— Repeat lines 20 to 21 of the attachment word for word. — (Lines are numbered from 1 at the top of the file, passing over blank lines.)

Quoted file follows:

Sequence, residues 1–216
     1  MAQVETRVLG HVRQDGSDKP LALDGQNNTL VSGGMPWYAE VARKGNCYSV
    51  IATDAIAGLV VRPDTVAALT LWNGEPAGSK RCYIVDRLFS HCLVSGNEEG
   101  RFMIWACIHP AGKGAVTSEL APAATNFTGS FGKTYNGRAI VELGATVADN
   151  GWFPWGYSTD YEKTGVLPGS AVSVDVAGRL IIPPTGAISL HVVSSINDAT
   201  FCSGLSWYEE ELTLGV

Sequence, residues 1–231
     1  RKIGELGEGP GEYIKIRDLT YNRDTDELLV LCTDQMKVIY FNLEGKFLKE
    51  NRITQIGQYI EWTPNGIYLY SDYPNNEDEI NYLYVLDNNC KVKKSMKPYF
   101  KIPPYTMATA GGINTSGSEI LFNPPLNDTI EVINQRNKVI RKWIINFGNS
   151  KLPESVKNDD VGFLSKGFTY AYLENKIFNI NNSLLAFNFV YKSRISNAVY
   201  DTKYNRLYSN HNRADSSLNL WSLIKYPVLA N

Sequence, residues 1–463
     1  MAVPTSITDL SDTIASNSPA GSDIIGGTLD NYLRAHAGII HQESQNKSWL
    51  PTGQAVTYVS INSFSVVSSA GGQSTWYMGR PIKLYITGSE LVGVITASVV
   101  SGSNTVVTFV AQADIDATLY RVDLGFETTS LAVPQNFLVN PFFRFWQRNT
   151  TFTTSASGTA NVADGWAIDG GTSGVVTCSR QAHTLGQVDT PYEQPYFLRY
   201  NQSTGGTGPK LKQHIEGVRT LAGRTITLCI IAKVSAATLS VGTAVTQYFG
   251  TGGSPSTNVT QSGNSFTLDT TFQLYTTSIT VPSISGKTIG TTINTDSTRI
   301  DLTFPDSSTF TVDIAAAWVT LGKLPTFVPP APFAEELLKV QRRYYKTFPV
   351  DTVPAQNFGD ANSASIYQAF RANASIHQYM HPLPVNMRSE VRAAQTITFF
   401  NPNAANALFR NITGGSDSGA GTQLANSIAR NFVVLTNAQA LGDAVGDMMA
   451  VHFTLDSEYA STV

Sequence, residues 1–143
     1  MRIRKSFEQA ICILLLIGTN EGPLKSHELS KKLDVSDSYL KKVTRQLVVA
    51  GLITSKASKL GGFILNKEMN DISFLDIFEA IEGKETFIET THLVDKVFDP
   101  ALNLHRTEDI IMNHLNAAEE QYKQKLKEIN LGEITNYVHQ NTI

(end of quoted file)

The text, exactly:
   301  DLTFPDSSTF TVDIAAAWVT LGKLPTFVPP APFAEELLKV QRRYYKTFPV
   351  DTVPAQNFGD ANSASIYQAF RANASIHQYM HPLPVNMRSE VRAAQTITFF